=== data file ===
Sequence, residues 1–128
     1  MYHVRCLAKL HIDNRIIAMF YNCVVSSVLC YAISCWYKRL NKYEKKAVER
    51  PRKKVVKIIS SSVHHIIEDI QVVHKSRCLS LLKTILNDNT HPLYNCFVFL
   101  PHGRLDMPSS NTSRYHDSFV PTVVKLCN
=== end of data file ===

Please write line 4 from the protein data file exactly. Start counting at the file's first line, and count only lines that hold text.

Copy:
   101  PHGRLDMPSS NTSRYHDSFV PTVVKLCN